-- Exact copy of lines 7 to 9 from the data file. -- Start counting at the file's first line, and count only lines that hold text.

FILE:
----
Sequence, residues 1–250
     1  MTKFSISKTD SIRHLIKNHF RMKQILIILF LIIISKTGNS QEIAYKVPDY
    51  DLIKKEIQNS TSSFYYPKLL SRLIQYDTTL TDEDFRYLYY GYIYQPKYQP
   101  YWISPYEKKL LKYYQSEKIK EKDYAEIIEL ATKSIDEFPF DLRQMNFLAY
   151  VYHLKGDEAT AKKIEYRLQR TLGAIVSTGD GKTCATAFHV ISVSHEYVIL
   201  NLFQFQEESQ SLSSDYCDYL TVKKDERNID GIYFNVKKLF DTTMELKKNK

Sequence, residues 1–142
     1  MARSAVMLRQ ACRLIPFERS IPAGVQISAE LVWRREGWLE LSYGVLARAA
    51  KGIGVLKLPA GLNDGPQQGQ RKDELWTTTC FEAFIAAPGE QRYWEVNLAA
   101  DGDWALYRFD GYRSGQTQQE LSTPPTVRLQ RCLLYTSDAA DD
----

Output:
Sequence, residues 1–142
     1  MARSAVMLRQ ACRLIPFERS IPAGVQISAE LVWRREGWLE LSYGVLARAA
    51  KGIGVLKLPA GLNDGPQQGQ RKDELWTTTC FEAFIAAPGE QRYWEVNLAA